The life history of 21 breast cancers.

Serena Nik-Zainal, Peter Van Loo, David C Wedge, Ludmil B Alexandrov, Christopher D Greenman, King Wai Lau, Keiran Raine, David Jones, John Marshall, Manasa Ramakrishna, Adam Shlien, Susanna L Cooke, Jonathan Hinton, Andrew Menzies, Lucy A Stebbings, Catherine Leroy, Mingming Jia, Richard Rance, Laura J Mudie, Stephen J Gamble, Philip J Stephens, Stuart McLaren, Patrick S Tarpey, Elli Papaemmanuil, Helen R Davies, Ignacio Varela, David J McBride, Graham R Bignell, Kenric Leung, Adam P Butler, Jon W Teague, Sancha Martin, Goran Jönsson, Odette Mariani, Sandrine Boyault, Penelope Miron, Aquila Fatima, Anita Langerød, Samuel A J R Aparicio, Andrew Tutt, Anieta M Sieuwerts, Åke Borg, Gilles Thomas, Anne Vincent Salomon, Andrea L Richardson, Anne-Lise Børresen-Dale, P Andrew Futreal, Michael R Stratton, Peter J Campbell,, Cell 149, 994-1007 (2012)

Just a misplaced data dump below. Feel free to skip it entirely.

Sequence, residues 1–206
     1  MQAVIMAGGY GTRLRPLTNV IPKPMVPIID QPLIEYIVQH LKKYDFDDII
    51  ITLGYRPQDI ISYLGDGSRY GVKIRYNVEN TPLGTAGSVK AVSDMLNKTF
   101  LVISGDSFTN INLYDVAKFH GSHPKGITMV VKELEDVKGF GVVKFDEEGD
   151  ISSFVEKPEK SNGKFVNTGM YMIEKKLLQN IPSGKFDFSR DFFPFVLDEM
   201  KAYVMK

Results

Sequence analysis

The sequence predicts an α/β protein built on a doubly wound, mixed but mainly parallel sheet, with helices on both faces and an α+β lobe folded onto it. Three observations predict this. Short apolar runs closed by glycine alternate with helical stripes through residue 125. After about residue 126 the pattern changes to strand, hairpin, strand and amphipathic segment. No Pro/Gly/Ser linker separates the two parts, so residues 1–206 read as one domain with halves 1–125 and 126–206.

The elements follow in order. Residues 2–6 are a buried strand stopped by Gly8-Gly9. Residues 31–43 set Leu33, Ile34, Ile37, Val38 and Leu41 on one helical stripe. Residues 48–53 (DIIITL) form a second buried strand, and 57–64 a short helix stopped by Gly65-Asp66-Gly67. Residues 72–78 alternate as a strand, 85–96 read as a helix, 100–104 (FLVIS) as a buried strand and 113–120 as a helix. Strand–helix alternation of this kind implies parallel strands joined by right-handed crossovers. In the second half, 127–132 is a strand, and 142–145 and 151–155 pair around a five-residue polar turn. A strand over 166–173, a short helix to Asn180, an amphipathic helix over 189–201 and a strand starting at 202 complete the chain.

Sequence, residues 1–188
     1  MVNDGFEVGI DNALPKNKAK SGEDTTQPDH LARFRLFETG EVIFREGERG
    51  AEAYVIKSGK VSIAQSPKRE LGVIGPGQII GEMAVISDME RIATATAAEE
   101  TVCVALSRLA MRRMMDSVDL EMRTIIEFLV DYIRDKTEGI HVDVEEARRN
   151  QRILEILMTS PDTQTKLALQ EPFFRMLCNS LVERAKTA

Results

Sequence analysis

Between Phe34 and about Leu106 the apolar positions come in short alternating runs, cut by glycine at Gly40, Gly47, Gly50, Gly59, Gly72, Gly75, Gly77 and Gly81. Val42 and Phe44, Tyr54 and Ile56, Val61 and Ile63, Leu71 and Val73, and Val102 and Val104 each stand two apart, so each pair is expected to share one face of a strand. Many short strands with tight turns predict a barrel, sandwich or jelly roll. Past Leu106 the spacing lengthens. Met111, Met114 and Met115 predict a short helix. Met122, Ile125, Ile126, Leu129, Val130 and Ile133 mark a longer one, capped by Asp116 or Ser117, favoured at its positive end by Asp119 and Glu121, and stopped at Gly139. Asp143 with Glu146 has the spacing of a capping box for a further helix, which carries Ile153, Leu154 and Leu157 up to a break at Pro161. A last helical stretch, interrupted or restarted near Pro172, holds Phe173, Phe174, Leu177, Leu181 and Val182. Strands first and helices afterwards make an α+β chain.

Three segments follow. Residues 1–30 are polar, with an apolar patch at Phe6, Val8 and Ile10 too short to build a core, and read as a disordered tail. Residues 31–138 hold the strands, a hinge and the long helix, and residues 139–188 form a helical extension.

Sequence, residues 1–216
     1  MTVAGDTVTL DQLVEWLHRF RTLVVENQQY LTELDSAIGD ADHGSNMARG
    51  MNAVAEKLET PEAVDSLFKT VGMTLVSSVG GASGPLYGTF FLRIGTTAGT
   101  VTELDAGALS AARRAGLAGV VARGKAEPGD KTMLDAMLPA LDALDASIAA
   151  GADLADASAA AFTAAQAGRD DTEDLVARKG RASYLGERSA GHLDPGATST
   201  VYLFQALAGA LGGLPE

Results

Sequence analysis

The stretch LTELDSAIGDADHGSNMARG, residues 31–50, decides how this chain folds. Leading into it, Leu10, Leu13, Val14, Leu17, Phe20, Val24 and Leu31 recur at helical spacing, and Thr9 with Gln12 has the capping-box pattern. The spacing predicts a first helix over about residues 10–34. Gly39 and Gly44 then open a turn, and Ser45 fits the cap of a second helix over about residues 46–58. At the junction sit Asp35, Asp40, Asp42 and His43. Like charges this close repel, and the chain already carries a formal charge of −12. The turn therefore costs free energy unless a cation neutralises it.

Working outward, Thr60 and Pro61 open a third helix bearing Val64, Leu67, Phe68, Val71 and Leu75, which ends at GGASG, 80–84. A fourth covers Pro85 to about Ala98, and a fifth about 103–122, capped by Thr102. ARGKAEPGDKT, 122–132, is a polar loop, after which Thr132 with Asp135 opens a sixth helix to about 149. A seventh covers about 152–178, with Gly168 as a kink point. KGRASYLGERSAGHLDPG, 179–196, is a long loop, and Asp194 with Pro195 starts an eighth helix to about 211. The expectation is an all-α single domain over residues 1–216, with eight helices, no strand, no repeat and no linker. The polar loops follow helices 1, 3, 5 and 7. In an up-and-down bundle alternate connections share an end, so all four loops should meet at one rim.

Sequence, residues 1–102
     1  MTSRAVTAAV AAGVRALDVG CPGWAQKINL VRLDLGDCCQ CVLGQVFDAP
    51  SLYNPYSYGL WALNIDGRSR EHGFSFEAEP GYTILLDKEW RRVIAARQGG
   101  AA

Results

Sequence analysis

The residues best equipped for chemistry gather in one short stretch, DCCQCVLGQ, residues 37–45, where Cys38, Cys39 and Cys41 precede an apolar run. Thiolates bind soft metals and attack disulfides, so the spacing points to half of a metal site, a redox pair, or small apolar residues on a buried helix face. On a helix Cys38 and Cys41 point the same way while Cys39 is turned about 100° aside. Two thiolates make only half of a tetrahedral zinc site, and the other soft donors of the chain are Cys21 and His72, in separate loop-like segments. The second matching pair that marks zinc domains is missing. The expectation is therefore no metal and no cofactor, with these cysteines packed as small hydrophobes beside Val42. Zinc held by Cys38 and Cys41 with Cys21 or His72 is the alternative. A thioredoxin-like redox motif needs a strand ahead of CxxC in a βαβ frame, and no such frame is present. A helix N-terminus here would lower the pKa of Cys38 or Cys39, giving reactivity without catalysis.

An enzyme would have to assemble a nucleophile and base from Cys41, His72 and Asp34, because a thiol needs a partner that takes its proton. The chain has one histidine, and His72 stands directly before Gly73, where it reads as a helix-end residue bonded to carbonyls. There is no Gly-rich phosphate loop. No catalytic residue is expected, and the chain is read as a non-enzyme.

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Cancer evolves dynamically as clonal expansions supersede one another driven by shifting selective pressures, mutational processes, and disrupted cancer genes. These processes mark the genome, such that a cancer’s life history is encrypted in the somatic mutations present. We developed algorithms to decipher this narrative and applied them to 21 breast cancers. Mutational processes evolve across a cancer’s lifespan, with many emerging late but contributing extensive genetic variation. Subclonal diversification is prominent, and most mutations are found in just a fraction of tumor cells. Every tumor has a dominant subclonal lineage, representing more than 50% of tumor cells. Minimal expansion of these subclones occurs until many hundreds to thousands of mutations have accumulated, implying the existence of long-lived, quiescent cell lineages capable of substantial proliferation upon acquisition of enabling genomic changes. Expansion of the dominant subclone to an appreciable mass may therefore represent the final rate-limiting step in a breast cancer’s development, triggering diagnosis.